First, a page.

The fact that the hearing examiners were not attorneys is irrelevant. The determination at issue here is a factual determination which the commissioners were as competent as a jury to make. As for the rules of evidence not being in force, this is generally true of administrative hearings. To hold that it deprives the decision here of preclusive effect would, in effect, be to completely abolish administrative collateral estoppel. In light of the other, sufficient procedural formalities observed, we see no reason to do so.

Having determined that administrative collateral estoppel is appropriate here, we next consider the factors governing collateral estoppel generally. These also indicate that preclusion is appropriate in this case.

Certain factors in the test for collateral estoppel are clearly met. There was a final adjudication by the Commission when it issued its findings of fact and conclusions of law. The party against whom the estoppel is asserted Shoemaker was a party to the prior proceeding. The record shows that the matter of retaliation was actually litigated and determined. The Commission could not have reached its result without determining whether Shoemaker had prevailed in this contention.

The factual issues before the Commission and before a trial court hearing a civil rights claim are identical. The Commission found that the demotion was "not taken in retaliation for the disclosure made by Mr. Shoemaker on March 5, 1982". Clerk's Papers, at 50. Consequently, it concluded that the demotion was not handed down in bad faith and that the demotion was, as the City contended, a *512 valid reduction in force. The demotion was "for cause" pursuant to RCW 41.12.090.

In Shoemaker's section 1983 action, he would be required to prove that the testimony he gave concerning department irregularities was a "substantial factor" or a "motivating factor" in his demotion. McKinley v. Eloy, 705 F.2d 1110, 1115 (9th Cir.1983). The Commission could not have reached the conclusion it did without finding that this was not the case, unless it applied a very high standard in construing RCW 41.12.090; that is, that Shoemaker's demotion was "for cause" unless a bad faith motive predominated in the decision. Nothing in the case law construing RCW 41.12.090 suggests that the standard for showing a bad faith demotion under section .090 is so high. The question the Commission decided was whether there was any retaliation at all; whether a bad faith motive played any substantial part in the demotion. Therefore, the issues before the Commission and the trial court whether retaliation was a substantial motive behind Shoemaker's demotion are identical, and collateral estoppel is appropriate.

Shoemaker argues that the Commission could not have determined the same issue as that presented in the civil rights suit because the Commission had no authority to consider the constitutionality of the City's actions. As noted above, he argues that the Commission acted beyond its competence for the same reason. These arguments confuse claim and issue preclusion. While the Commission could not have adjudicated the section 1983 claim, 28 U.S.C. § 1343, it may have decided an issue of fact that is common to both Shoemaker's petition for reinstatement before the Commission and to his section 1983 claim. If it did, and if the adjudication was adequate under the Restatement standards adopted here, then the issue has been decided for all purposes.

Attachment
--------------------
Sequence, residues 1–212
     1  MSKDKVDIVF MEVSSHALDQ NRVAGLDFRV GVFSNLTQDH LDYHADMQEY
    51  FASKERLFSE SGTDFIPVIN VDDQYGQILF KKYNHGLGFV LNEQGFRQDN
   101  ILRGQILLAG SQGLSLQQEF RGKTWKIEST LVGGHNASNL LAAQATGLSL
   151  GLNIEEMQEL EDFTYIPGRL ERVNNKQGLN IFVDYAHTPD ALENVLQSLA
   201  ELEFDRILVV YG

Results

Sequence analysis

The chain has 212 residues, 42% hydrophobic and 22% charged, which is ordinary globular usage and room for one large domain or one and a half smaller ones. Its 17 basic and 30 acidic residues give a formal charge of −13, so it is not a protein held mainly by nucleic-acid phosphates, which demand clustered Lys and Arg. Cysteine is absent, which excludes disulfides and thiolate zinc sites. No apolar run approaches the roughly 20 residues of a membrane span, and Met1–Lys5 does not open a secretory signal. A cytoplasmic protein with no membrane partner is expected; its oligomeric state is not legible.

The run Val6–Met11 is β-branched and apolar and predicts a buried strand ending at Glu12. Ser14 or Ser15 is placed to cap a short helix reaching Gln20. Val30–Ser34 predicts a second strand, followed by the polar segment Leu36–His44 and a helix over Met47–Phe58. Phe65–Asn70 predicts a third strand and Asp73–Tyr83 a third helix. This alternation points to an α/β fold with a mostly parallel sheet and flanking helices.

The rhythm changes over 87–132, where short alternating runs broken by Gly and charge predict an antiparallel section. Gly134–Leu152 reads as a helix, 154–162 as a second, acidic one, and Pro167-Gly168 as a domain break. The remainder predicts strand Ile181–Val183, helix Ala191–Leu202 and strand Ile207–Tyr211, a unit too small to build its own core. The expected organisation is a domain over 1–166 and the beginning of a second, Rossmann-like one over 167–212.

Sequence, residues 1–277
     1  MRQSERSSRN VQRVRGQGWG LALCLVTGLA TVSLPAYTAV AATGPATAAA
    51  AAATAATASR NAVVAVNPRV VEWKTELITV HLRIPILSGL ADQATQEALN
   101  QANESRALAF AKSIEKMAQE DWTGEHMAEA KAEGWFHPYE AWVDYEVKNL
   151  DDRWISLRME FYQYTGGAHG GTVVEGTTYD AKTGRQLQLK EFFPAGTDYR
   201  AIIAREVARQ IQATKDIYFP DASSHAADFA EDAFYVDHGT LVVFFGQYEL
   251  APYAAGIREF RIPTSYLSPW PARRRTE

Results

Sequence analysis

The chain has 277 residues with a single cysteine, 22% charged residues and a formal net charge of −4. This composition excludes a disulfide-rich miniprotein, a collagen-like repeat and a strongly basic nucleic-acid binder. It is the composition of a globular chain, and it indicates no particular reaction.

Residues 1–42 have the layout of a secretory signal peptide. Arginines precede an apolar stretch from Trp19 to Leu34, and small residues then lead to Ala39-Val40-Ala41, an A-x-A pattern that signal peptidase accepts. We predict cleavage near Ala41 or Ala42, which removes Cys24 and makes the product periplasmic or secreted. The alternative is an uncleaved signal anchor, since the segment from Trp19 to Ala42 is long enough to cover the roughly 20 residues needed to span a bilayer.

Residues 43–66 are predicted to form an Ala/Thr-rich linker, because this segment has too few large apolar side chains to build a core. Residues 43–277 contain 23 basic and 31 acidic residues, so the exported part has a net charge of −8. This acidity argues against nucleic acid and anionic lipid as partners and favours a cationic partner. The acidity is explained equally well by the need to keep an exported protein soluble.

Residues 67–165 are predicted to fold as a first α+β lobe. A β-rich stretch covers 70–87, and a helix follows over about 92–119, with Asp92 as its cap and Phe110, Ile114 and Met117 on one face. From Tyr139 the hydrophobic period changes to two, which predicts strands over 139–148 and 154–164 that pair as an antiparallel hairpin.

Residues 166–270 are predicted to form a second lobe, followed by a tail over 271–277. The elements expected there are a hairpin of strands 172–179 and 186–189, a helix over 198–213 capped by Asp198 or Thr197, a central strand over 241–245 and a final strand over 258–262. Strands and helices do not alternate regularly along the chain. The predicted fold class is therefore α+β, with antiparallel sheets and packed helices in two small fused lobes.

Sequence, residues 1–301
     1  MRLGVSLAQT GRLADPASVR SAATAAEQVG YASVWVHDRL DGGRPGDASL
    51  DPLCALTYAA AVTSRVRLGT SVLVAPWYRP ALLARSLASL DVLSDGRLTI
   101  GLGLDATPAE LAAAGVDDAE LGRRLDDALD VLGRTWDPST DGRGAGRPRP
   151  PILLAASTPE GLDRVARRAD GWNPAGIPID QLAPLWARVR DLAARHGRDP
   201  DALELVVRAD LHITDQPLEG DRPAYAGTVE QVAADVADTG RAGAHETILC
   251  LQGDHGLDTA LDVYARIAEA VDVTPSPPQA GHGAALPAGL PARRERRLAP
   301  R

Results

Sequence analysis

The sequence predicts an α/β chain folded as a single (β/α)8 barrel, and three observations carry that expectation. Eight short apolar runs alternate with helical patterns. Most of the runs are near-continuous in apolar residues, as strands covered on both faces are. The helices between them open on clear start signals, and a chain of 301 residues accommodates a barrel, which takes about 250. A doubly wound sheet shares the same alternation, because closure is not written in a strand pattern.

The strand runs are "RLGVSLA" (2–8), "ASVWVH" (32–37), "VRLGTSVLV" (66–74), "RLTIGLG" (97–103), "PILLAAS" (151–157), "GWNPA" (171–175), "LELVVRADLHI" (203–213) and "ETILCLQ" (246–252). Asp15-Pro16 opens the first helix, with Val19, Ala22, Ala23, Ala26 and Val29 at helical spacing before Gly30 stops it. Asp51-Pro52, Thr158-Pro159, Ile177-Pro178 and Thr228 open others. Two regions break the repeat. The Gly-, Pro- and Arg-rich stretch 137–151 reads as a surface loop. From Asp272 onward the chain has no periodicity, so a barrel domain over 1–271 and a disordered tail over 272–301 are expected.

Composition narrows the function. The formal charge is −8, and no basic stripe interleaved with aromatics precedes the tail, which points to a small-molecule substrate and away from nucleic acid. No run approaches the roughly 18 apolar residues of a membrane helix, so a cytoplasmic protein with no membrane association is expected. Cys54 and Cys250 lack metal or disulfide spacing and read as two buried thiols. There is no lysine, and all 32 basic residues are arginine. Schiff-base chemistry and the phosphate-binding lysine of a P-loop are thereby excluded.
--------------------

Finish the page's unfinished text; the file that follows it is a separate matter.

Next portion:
The fact that the issue determined is also a central element in the federal civil rights claim does not mean that giving preclusive effect to that determination is an improper application of claim preclusion or that the Commission *513 has acted beyond its competence. The cases recognize that refusing to give preclusive effect to a prior determination is justified if it will work an injustice, Malland, at 489, and, in the case of an agency determination, if it would contravene public policy. Dupard, at 275.

Shoemaker argues that the Commission's finding should not be given collateral estoppel effect as a matter of public policy because the disparity between the relief offered by the administrative agency and the federal district court would lead litigants to forgo their administrative remedies for fear of preclusion in other, more substantial claims. See, e.g., Mack v. South Bay Beer Distribs., Inc., 798 F.2d 1279 (9th Cir.1986). This is a persuasive argument, depending on the actual disparity.

In Mack, the relief at issue was unemployment compensation. Here, the Commission had the power to order reinstatement and back pay; in other words the same relief awarded as consequential damages in the federal court. RCW 41.12.090. Shoemaker also made claims for emotional distress in the civil rights suit which could not have been awarded by the Commission, but this disparity, given the uncertainty of such recovery, is not as great as the disparity of relief in Mack. As a result, collateral estoppel in this case does not violate public policy or work an injustice because of disparity in relief.

CONCLUSION

We therefore answer the question certified in the affirmative. Washington law does give preclusive effect to the factual finding of the Bremerton Civil Service Commission that Joe Shoemaker's reductions in rank were not retaliatory.

PEARSON, C.J., UTTER, BRACHTENBACH, DOLLIVER, CALLOW, and DURHAM, JJ., and CUNNINGHAM, J. Pro Tem., concur.

ANDERSEN, J., concurs in the result.

NOTES

[1] Shoemaker argues that the affidavit of Killian is "self-serving and unsupported by the record." Reply Brief of Appellant, at 9. However, he has submitted no countering affidavits. A transcript of the first hearing is contained in the record. A substantial portion of the transcript of the second hearing has also been submitted. The transcripts support Ms. Killian's affidavit.